In regard to his faith, Bono told Jann Wenner of Rolling Stone: “If I could put it simply, I would say that I believe there’s a force of love and logic in the world, a force of love and logic behind the universe. And I believe in the poetic genius of a creator who would choose to express such unfathomable power as a child born in “straw poverty”; i.e., the story of Christ makes sense to me. … As an artist, I see the poetry of it. It’s so brilliant. That this scale of creation, and the unfathomable universe, should describe itself in such vulnerability, as a child. That is mind-blowing to me. I guess that would make me a Christian. Although I don’t use the label, because it is so very hard to live up to.”

The photo was taken by an unknown participant at the religious service.

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Tom Petty on greed and power

“Through these hypnotic eyes, we’re told we’re nothing if we don’t have a mansion and dress like a movie star,” Tom Petty says. “I’ve never seen so much jewelry advertised. It’s hard on a young person to not think that’s the game. When I was growing up, people didn’t expect to get a swimming pool.

“You can boil all the world’s problems down to one word: greed,” Petty says. “It’s not greed on the part of poor people. It’s these very wealthy people who make a lot of money and then live only to make more. The money starts to make them miserable because they’re worried about somebody getting it. Then the money’s not enough and they seek power. Very few people on this globe know how to responsibly handle power. It’s gone into the hands of really shaky people who don’t care who they hurt in their quest to have more money than they’ll ever need.”

To read Edna Gundersen’s entire article,  click HERE

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Jack White’s patron saints

Excerpt: “Jack Outside the Box” by Josh Eells, New York Times

White was brought up Catholic, and he still feels an affinity for the martyrs and saints. He likes their devotion, the purity of their sacrifice — especially St. Sebastian, the patron saint of endurance, and St. Rita, the patron saint of the impossible. He also admired Simeon Stylites, a Christian ascetic in fifth-century Syria who spent almost 40 years living atop a huge stone pillar, despite frequent entreaties to come down and not a few doubts about his motives.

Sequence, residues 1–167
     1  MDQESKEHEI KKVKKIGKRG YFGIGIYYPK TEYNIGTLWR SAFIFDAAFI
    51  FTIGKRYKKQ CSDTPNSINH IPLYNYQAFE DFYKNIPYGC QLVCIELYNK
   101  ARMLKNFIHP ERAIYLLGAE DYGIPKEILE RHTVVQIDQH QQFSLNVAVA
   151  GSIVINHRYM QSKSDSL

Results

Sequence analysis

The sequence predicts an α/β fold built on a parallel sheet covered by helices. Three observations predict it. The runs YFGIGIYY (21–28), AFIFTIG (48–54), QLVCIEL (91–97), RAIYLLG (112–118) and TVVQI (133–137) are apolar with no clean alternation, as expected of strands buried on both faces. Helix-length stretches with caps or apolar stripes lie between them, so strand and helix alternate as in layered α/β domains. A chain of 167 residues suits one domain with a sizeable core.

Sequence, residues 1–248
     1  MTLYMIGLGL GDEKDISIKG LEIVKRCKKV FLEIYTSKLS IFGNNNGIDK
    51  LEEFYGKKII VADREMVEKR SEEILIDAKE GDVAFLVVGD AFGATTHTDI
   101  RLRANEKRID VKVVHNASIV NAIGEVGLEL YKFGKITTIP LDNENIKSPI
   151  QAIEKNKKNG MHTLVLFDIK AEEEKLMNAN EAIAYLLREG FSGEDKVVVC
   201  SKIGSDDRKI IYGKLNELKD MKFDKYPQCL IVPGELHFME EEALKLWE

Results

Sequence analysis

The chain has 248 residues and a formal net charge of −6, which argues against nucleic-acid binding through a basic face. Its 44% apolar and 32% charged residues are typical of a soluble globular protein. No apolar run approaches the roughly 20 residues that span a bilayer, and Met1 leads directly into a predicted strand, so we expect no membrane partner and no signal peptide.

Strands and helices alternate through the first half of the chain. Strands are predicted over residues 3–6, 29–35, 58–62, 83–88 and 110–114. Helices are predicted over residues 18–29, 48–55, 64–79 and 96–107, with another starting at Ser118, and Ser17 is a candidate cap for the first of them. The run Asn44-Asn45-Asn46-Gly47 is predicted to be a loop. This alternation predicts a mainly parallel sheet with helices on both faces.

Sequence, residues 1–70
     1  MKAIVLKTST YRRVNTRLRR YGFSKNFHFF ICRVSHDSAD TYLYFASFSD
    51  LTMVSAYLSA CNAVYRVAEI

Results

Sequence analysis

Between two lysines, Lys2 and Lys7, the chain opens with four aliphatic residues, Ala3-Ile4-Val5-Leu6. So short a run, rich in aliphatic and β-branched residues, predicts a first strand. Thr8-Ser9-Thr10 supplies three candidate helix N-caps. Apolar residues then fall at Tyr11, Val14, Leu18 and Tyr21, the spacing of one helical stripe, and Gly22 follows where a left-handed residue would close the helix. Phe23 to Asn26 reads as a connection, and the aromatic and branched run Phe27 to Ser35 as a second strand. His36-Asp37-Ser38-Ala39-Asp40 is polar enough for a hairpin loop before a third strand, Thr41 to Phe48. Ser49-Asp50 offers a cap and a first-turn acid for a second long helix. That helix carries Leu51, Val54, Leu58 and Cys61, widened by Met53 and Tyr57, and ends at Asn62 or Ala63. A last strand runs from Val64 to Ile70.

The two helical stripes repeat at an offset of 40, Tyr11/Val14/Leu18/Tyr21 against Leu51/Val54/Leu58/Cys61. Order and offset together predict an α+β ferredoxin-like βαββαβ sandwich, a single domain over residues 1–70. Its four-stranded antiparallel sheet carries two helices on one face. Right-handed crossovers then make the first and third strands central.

White seemed to relate. “People were saying, ‘You’re just doing this for show, you’re not really devoted, you’re crazy, you’re self-indulgent,’ ” he said. “So he came down and stood on the ground and said: ‘I’m down here. Now what? Am I proving to you that this is not what it’s about?’ ” Then, White said, “he went right back up.”

White once said he has three dads: his biological father, God and Bob Dylan. Dylan was the first concert he ever saw — he says he had seat No. 666 — and he shares with his hero a love for manipulating and obscuring his own persona.

Some things we know. He was born John Anthony Gillis, the 10th of 10 children, and — in a rare instance of mythology dovetailing with reality — the seventh son. His father, Gorman, was a maintenance man at the archdiocese of Detroit; his mother, Teresa, was the cardinal’s secretary. They named him after John the Baptist.

To read Jason Eells’s full New York Times article, click HERE

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On the anniversary of Jimi Hendrix’s death

RIP Jimi Hendrix, who died in London on September 18, 1970. A year before his death, Dick Cavett asked Hendrix if music had meaning.

Jimi Hendrix: Oh, yeah, definitely, it’s getting to be more spiritual than anything now. Pretty soon I believe that they’re gonna … have to rely on music to … get some kind of peace of mind, or satisfaction – direction, actually – more so than politics, because like politics is really … a big fat ego scene – the art of words which mean nothing. Therefore, you have to rely on a more earthier substance, like music or the arts, theatre, you know, acting, painting, whatever.

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Lady Gaga praying rosary; explaining ailment

From Lady Gaga’s Instagram account: I have always been honest about my physical and mental health struggles. Searching for years to get to the bottom of them. It is complicated and difficult to explain, and we are trying to figure it out. As I get stronger and when I feel ready, I will tell my story in more depth, and plan to take this on strongly so I can not only raise awareness, but expand research for others who suffer as I do, so I can help make a difference. I use the word “suffer” not for pity, or attention, and have been disappointed to see people online suggest that I’m being dramatic, making this up, or playing the victim to get out of touring. If you knew me, you would know this couldn’t be further from the truth. I’m a fighter. I use the word suffer not only because trauma and chronic pain have changed my life, but because they are keeping me from living a normal life. They are also keeping me from what I love the most in the world: performing for my fans. I am looking forward to touring again soon, but I have to be with my doctors right now so I can be strong and perform for you all for the next 60 years or more. I love you so much.

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How a private meeting with Billy Graham changed actor Steve McQueen’s life

“Steve McQueen: American Icon” is a documentary feature film about the Hollywood actor’s spiritual journey, which included a meeting late in his life with evangelist Billy Graham.